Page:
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    Mastering Email Filters

    Thursday, September 15th, 2011 at 6:12 AM | Productivity, Simplification

    We all email. But we don’t all use email filters. Let’s see how filters may make your digital life much easier.

    What is a Filter
    A filter is a set procedure or action that happens when a trigger occurs. In this case emails will be our triggers. Some email clients call these rules (outlook) while other call them filters (gmail). They do the same thing in most cases.

    Why you Should use Filters
    They will save you time and help you organize your inbox. It can also help reduce spam if that is a problem.

    When Filters Fail
    If you truly don’t need a message, see if you can unsubscribe first. This is always better than setting up a filter. Stop the message at the source if you really don’t need it. If you still want to receive it but just don’t want to be a robot, filters are perfect.

    Where to Start?
    First consider what messages you get on a regular basis, and what you do with them. Glaring examples are online purchase receipts, automatic payment notifications and other non-actionable messages.

    Sample Scenario 1: Shopaholic  

    You order a lot of books on amazon.com and you get a lot of shipping notices and other messages. You could turn these off, but you like getting them so you have a “record”. But you are tired of them bogging down your inbox.

    Setup a filter to do the following:

    • Flag messages coming from amazon.com’s standard order confirmation address.
    • Label/classify them as Amazon Orders or some name that makes sense to you
    • Have the filter automatically move them to a folder/label and skip your inbox.

    Now if you ever need to check on your orders, head over to your Amazon folder and read your messages. However since you rarely need to do so your inbox will stay clean and clear.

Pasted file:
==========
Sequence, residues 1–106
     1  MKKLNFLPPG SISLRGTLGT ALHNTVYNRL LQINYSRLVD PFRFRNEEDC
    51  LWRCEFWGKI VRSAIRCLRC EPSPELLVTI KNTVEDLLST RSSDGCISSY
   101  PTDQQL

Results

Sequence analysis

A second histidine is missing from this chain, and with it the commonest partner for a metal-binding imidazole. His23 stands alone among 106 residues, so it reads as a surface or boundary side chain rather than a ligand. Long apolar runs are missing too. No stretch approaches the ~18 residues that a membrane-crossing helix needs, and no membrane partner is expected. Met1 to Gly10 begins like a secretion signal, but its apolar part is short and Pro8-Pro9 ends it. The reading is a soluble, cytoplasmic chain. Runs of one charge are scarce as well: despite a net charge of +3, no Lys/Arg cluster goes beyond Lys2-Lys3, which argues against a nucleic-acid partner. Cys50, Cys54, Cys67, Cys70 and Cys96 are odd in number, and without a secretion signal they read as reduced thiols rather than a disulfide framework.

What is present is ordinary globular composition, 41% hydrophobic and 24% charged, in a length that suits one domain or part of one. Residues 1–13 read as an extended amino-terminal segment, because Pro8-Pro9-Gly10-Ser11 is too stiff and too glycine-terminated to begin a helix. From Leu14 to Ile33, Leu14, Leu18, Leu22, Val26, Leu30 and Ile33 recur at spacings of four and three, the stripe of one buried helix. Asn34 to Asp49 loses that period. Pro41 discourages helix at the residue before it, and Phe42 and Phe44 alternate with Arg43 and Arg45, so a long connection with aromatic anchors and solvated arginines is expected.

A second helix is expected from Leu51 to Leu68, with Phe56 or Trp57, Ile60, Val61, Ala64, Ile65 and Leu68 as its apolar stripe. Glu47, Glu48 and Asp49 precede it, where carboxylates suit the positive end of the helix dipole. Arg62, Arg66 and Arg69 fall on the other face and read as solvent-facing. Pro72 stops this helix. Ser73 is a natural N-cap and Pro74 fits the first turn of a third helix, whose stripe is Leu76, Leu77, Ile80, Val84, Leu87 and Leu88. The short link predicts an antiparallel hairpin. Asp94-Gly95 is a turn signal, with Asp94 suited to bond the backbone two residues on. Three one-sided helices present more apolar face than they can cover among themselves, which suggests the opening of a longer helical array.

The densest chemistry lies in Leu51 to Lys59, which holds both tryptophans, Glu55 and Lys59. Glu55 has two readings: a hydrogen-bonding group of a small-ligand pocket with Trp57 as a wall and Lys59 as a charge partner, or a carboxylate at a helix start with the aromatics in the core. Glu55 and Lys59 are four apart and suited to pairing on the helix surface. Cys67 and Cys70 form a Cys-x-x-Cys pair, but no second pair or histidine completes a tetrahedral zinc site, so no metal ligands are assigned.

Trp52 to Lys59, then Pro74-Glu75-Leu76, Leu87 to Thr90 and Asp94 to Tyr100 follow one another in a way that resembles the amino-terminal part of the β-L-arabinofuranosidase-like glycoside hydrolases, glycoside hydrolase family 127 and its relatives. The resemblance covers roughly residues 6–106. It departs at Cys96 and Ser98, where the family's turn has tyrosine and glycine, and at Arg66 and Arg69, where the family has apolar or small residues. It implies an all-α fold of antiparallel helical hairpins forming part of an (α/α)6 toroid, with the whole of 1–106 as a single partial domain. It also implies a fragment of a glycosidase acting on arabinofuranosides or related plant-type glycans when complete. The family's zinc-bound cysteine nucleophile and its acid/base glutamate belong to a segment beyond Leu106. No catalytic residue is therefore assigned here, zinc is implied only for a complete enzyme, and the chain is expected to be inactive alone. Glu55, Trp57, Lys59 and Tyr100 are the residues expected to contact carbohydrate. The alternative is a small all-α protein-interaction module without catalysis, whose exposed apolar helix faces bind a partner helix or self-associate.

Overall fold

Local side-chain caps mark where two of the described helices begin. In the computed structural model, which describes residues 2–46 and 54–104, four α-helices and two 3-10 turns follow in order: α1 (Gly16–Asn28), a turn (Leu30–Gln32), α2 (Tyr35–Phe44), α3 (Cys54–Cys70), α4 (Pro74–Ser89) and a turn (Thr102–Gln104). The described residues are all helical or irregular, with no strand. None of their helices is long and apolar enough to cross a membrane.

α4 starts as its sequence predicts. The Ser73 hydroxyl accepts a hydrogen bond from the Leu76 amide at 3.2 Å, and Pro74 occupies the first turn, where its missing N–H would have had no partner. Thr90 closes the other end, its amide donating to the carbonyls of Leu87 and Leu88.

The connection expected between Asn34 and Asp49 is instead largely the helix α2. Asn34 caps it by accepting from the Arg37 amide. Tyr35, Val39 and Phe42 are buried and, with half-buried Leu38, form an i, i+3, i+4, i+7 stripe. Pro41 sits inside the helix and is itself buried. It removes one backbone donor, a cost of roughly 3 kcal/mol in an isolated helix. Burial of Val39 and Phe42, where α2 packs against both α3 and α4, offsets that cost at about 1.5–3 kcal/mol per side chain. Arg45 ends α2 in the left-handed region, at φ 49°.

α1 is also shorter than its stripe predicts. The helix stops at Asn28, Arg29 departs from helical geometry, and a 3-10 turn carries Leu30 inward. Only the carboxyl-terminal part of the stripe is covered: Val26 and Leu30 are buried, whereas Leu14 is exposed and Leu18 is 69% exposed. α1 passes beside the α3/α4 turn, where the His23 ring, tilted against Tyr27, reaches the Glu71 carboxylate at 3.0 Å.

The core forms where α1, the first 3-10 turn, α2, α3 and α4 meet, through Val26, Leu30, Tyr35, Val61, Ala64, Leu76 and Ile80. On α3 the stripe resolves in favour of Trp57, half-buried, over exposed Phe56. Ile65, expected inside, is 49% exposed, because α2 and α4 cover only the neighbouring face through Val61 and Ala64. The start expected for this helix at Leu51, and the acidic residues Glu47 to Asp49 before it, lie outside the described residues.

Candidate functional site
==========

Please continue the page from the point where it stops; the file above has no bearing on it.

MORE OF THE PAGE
Sample Scenario 2: 9 to 5er

    You like to separate work and personal email but like to manage them all in one email central account. (I like to use one account to manage all 6 email accounts). With filters you can color code, organize and classify all mail to keep your accounts separate.

    Lets use a filter to keep work and personal separate so you are at home you don’t have to deal with your work email

    • Flag messages sent to your work address to be labeled/classified as Work Email or some name that makes sense to you
    • Have the filter automatically move them to a folder/label and skip your inbox.

    Now you have created a separate work only inbox, so you can enjoy your person time without mingling it with work. But they are still only a click away.

    Spam
    Filtering can be amazing if you have unwanted emails in your inbox. You can use your providers mark as spam option, but this may not solve your problem. Here are a few tips for making your very own spam filter!

    Learn Your Enemy’s Weakness
    Each time you receive a spam message take a short glace at it. See what is common with other spam messages. Chances are you can think of several hot words that are used and notice other tricks spammers use.

    Setup a filter that automatically puts messages that contain these hot words in your spam folder (and skips your inbox).

    Here are a few ideas:

    • Unsubscribe. Nearly all spam has a link to unsubscribe, however it’s a fake link…meant to capture and confirm your address. Filter all messages that say unsubscribe!
    • Other “hot” words (you know what I mean). Add these choice words to your filter and put dirty messages right in your spam folder.
    • Those people that send you chain emails. They can go right into your spam folder and they will never know. Any message from them with the words FW gets spammed.

    Every time a unwanted message makes it through your filter, add a “catch” to this filter to prevent future messages from making it. After a while your filter should be bulletproof.

    Over time you will have to create conditions on your filters as you catch things that shouldn’t be in your spam folder. Maybe you have a less than professional friend using your hot words, or maybe some of your legitimate email has the word unsubscribe in it. Just make exceptions to your rule. This is why it’s best to have one massive spam rule that you can make changes to, instead of a bunch of individual rules to update.

    These are just a few very basic email filter ideas. I am sure you have many more ideas. Here are a few more:

    • Set a message to automatically forward to another co-worker or spouse
    • Automatically reply to certain messages
    • Color code mail accounts
    • Automatically add bills to a folder

    Do you have any life saving filters to share?

     

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